The Earned Income Tax Credit (EITC) is a "refundable” federal income tax credit for low to moderate income working individuals and families. "Refundable” means that if the credit reduces the taxpayer’s liability to zero, any remainder of the credit is included in the refund sent to the taxpayer. The EITC can provide low income individuals hundreds of dollars in a tax return, and thousands of dollars to low income families.
There are certain requirements the taxpayer needs to meet in order to qualify for the EITC. In order to qualify for the EITC the taxpayer must file for a return, even if the taxpayer does not owe any money to the government.
Qualification Requirements for the EITC
In order to qualify for the Earned Income Tax Credit, the taxpayer:
1. Must have earned income
2. Must have a valid Social Security number
3. Must be a U.S. citizen or resident alien for the entire tax year—or a nonresident alien married to a citizen or resident alien
In order to qualify for the Earned Income Tax Credit, the taxpayer may NOT:
1. Be the qualifying child of another person
2. File a Form 2555 for foreign income exclusion
3. Earn more than the applicable income limit
4. Receive more than the investment income limit
5. File "married filing separately” if taxpayer is married
Additional requirements for families without children:
1. The taxpayer must have lived in the United States for at least half of the tax year.
2. Either the taxpayer or spouse, while filing jointly, must be at least age 25, and under age 65.
Qualifying Children Rules:
1. Qualifying children are sons, daughters, adopted children, stepchildren, or descendants (taxpayer’s grandchildren).
2. Qualifying children must be younger than the taxpayer or taxpayer’s spouse at the end of the tax year.
3. Qualifying children must be younger than the age of 19 at the end of the tax year.
4. Qualifying children may be any age if permanently and totally disabled.
5. Qualifying children must live with the taxpayer (or spouse if filing jointly) in the United States for at least half of the tax year.
6. Students who live at home, are under the age of 24 at the end of the tax year, and are younger than the taxpayer and or spouse, also qualify.
** Only one person can claim the same child **
A qualifying child may only qualify for an EITC for one taxpayer, even though the child may be the qualifying child of more than one taxpayer. If a child meets the rules to be a qualifying child for more than one taxpayer, the tie-breaker rules apply (see below).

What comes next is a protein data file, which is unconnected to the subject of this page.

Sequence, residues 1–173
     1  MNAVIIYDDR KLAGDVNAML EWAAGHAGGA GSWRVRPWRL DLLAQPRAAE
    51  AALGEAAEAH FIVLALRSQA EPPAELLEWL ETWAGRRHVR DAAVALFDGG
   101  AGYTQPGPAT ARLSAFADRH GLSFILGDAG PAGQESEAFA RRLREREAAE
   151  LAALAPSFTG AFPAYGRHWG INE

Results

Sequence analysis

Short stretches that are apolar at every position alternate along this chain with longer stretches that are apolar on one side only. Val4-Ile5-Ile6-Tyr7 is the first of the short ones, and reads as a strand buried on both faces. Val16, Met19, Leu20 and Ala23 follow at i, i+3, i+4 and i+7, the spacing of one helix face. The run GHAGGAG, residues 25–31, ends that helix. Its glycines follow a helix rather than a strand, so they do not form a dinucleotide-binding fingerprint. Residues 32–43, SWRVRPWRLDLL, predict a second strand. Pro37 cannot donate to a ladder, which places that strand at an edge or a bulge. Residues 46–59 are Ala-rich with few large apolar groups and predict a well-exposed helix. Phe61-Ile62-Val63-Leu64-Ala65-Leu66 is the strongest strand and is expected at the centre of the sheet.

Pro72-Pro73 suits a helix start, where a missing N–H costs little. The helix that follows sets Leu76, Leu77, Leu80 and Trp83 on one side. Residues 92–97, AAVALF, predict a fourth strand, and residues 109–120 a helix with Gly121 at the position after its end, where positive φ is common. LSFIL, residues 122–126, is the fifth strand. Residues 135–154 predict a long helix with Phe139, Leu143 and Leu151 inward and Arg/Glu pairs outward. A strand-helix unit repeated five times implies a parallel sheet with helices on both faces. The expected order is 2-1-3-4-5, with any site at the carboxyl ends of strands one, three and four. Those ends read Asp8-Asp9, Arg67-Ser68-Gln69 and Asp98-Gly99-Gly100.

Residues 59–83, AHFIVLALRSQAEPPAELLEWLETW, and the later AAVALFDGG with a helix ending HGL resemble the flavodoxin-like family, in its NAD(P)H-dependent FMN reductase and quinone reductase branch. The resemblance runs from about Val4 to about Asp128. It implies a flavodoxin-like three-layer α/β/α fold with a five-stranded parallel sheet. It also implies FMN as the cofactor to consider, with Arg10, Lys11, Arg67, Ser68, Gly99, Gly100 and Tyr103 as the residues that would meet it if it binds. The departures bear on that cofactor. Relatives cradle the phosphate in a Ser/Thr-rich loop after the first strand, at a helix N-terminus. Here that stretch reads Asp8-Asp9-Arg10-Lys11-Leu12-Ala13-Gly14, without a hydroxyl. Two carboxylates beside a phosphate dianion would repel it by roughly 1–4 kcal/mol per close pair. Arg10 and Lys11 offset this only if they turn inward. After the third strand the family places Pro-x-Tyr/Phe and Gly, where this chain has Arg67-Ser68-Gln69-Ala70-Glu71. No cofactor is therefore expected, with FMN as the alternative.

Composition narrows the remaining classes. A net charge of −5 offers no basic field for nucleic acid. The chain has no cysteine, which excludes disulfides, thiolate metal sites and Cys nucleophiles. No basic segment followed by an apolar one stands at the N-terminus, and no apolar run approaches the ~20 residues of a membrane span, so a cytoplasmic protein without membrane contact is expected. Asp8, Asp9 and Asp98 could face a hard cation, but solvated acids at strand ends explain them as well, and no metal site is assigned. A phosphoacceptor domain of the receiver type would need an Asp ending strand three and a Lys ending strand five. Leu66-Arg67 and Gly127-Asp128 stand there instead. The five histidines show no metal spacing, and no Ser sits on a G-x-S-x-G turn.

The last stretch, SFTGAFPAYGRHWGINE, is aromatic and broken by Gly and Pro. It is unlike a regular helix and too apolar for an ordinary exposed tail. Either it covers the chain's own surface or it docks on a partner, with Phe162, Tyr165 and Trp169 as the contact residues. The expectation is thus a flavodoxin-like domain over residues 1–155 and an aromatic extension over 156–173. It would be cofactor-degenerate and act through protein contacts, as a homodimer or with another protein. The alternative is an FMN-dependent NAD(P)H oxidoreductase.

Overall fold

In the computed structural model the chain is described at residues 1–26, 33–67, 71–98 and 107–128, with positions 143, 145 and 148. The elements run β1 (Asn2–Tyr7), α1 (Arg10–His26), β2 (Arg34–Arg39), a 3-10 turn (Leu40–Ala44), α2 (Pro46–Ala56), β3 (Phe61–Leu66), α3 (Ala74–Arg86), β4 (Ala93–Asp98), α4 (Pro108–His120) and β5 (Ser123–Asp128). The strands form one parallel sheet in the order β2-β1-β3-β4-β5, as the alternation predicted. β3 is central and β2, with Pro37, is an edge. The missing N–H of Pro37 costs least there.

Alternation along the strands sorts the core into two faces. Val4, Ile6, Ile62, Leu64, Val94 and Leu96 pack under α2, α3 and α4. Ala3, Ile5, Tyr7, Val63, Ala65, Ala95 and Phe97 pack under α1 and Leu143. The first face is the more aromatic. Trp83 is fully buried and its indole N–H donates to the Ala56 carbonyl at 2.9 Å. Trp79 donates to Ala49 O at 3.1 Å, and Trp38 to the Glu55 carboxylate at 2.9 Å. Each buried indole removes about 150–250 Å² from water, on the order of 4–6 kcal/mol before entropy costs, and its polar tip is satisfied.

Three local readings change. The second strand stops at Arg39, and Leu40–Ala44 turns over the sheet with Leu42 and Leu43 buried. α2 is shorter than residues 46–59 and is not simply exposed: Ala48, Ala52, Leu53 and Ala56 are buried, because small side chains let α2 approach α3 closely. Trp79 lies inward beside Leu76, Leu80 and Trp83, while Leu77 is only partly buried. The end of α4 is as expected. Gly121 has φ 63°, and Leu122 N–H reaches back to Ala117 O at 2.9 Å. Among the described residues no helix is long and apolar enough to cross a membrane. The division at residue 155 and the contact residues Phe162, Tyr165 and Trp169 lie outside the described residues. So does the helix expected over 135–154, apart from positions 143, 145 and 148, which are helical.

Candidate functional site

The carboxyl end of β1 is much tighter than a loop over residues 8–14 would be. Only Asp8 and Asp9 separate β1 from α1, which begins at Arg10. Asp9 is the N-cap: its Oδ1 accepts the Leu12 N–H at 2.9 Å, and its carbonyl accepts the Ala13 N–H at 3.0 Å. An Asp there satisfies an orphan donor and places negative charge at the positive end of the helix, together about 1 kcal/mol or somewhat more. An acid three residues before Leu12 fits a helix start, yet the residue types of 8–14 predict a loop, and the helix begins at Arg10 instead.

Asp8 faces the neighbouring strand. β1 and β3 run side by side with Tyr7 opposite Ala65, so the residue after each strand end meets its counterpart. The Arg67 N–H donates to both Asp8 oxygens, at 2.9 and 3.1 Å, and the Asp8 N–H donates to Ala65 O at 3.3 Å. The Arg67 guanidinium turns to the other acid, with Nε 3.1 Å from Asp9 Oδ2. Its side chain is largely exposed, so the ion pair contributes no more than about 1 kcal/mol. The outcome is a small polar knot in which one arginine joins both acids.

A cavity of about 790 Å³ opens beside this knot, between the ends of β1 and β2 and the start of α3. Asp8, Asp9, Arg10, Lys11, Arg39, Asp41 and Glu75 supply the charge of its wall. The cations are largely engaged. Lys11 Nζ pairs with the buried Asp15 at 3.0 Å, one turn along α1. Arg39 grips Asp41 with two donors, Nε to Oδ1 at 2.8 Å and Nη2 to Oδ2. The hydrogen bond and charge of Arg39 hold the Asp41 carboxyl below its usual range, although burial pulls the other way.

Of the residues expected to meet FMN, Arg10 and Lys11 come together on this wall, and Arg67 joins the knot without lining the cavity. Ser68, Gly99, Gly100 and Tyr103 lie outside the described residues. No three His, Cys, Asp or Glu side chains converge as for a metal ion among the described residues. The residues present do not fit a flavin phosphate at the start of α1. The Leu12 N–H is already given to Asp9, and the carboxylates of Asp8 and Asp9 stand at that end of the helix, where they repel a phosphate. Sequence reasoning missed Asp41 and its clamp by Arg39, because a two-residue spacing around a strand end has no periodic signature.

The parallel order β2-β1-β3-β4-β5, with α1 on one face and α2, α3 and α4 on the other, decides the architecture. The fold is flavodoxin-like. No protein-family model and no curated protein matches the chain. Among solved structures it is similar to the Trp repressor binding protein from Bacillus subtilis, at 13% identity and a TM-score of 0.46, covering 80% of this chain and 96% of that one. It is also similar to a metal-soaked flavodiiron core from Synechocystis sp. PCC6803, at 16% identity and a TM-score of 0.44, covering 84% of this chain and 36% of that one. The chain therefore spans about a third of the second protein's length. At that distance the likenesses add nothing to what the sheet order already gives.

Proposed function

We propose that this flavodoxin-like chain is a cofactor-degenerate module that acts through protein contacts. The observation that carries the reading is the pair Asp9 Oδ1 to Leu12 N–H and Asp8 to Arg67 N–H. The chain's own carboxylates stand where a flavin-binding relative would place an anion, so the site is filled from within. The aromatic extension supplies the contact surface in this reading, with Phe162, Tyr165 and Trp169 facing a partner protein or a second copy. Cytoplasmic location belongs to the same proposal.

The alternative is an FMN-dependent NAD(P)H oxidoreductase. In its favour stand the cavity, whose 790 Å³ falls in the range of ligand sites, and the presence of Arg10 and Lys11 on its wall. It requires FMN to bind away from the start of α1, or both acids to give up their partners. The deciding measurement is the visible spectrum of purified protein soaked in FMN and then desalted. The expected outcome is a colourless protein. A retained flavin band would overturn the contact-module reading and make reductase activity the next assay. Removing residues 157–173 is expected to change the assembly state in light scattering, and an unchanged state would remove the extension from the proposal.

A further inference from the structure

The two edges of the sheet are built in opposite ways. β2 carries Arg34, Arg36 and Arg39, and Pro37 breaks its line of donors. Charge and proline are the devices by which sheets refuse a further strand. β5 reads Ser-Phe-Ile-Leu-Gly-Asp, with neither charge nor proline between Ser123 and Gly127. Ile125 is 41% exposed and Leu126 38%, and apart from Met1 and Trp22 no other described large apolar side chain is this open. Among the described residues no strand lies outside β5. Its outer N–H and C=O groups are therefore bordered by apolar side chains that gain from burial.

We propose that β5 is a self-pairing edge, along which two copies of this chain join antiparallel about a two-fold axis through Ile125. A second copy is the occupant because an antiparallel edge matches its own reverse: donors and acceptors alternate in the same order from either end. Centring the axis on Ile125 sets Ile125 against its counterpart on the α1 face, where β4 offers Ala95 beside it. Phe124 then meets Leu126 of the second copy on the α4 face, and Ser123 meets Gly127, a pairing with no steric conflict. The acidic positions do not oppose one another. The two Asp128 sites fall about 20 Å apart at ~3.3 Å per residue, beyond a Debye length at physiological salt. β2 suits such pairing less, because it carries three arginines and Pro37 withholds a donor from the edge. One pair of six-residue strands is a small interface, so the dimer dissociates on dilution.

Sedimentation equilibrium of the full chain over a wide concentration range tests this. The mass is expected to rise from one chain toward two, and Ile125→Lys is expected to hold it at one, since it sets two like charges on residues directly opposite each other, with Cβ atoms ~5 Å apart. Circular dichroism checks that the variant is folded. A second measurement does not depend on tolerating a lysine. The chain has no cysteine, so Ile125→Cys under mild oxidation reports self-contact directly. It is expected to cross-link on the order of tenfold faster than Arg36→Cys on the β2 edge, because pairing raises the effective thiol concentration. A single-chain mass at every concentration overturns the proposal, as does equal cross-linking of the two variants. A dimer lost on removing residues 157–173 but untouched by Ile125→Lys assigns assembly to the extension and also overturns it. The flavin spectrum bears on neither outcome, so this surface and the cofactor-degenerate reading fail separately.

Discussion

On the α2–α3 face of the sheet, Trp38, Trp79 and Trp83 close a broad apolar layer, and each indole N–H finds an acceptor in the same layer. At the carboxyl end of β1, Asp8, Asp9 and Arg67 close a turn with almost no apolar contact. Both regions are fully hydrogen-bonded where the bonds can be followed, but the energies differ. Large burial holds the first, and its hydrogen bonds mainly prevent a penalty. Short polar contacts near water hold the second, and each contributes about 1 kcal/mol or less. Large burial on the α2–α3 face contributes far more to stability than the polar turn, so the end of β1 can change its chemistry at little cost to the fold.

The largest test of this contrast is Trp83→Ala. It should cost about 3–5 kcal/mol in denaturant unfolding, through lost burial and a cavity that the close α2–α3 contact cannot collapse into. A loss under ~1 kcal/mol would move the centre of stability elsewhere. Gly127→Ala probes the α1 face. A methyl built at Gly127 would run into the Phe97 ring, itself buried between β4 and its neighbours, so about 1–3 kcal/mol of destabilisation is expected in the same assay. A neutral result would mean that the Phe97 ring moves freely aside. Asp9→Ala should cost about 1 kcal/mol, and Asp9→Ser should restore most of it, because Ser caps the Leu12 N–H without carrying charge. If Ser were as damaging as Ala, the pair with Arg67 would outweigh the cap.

Taxpayers who have a qualifying child who is claimed by another person using the "tie-breaker rules,” may only claim the EITC if he or she has another qualifying child that is not claimed by another person using the "tie-breaker rule.”
1. The parents have first priority
2. If two parents are not filing jointly, the parent who the qualifying child lives with longest during the tax year has priority
3. If the qualifying child lives with parents not filing jointly for equal amounts of time, the parent who has a higher "adjusted gross income” has priority.”*
4. If neither parent is seeking to treat the child as a qualifying child for EITC purposes, then the taxpayer with highest "adjusted gross income” has priority.”*
|Qualified Children||Maximum AGI Filing-Single||Maximum AGI Joint Filing||Maximum EITC Credit|
Investment income may not exceed $3,200 to qualify for the EITC.
*Adjusted Gross Income (AGI) is your gross income minus certain deductions. You can find it on line 37 of your 1040.
Take EITC Care!
- If you claim the EITC with one or more qualified child, make sure you have proof of the child’s residency in case of a credit disqualification or IRS examination.
- If you feel like another person will claim a qualified child that you are claiming, have proof that your requirements in the "tie-breaking rules” are met.
- There are separate EITC rules for military, ministers, members of the clergy, those receiving disability benefits, and those impacted by disasters.
- If a taxpayer was denied an EITC in the past, the taxpayer is deemed ineligible to receive an EITC in the current year unless he or she files a Form 8862 demonstrating eligibility.
- If you receive anything from the IRS regarding an EITC denial, call the Low Income Taxpayer Clinic!
When a taxpayer receives a letter or other mailing from the Internal Revenue Service (IRS) or a State or Local tax authority, it is critical that the taxpayer read and respond to the mailing in a timely manner. There may be a deadline listed in the mailing that the taxpayer must meet in order to retain certain rights. In addition, there may be financial penalties for missing the deadline to respond listed in a mailing from a tax agency. If you believe that you are entitled to an Earned Income Tax Credit and the IRS is disallowing it, call the Low Income Taxpayer Clinic right away at (202) 274-7315.
This webpage contains general guidelines regarding the Earned Income Tax Credit.
Do not claim an EITC credit unless you fall within the guidelines and qualify for an EITC credit. Punishment for tax fraud include disallowance, penalties, interest, and even prison time in more severe cases.
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